You should never implement a PIP and then just forget about it. Frequent follow-ups are the key to ensuring that your plan remains on track. List the frequency of your follow-ups in this section as well. Consider reviews more frequently in the beginning, and then gradually give more time in between each one once you begin to notice improvement.
· Available Resources
Here is where you will list the available resources for helping your employee succeed. These could be internal resources such as an employee handbook or mentor. They might also consist of outside ones like online training courses or seminars.
In addition to listing resources, you may also want to establish guidelines for accessing certain ones. For example, you might prefer that a worker take an online training course only when it does not interfere with any other job requirements.
The purpose of a performance improvement plan is to get underperforming employees up to speed. So naturally there must be some consequences for failing to meet the requirements set forth in the plan. Those consequences will be listed here, and may include things such as:
- Position reassignment
- A failure to be considered for future promotions
- Temporary suspension
- A reduction in hours and/or salary
- Termination (with or without the right to rehire)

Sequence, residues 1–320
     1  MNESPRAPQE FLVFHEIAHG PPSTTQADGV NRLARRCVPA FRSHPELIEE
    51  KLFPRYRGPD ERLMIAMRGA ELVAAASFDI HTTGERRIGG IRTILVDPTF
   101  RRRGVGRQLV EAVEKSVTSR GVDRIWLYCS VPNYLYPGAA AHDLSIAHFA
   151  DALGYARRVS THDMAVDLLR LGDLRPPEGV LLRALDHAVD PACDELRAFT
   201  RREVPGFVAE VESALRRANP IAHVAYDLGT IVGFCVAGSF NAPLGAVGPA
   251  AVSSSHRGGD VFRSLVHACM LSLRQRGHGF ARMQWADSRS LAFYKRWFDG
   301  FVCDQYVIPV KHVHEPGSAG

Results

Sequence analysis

Signature and Date
A PIP is an official document that should be acknowledged in writing. Therefore, you will need to leave room for a signature and date from both parties.
Initial for Verification
It is always a good idea to give your employee a copy of the performance improvement plan. Not only will it give that person something to refer to, but it also ensures its contents cannot be misconstrued. The latter could be important should you ever find yourself faced with court action. Below the signature blocks, include a statement for the individual to initial stating that he or she has received a copy of the PIP.
Feedback and Summary Section
This section is solely for your own personal use, and will likely consist of blank space that you can fill in as needed. Utilize it when making periodic reviews so that you can annotate how things are going. If you need to make changes to the PIP, you can record them here as well. Finally, when the plan is complete you can use this section to write your own feedback as to how well the PIP was implemented and what its final results were.
Help with Developing and Implementing a PIP
The above information can better help you develop a performance improvement plan. Even so, it cannot guarantee that such a plan will fully comply with all applicable state and federal laws. That is an area in which outsourcing your human resources functions can prove very helpful.
Here at Luxa, we are a U.S.-based firm who can assist you with tasks related to human resources, accounting, payroll, and more. To learn more about our services, please contact us.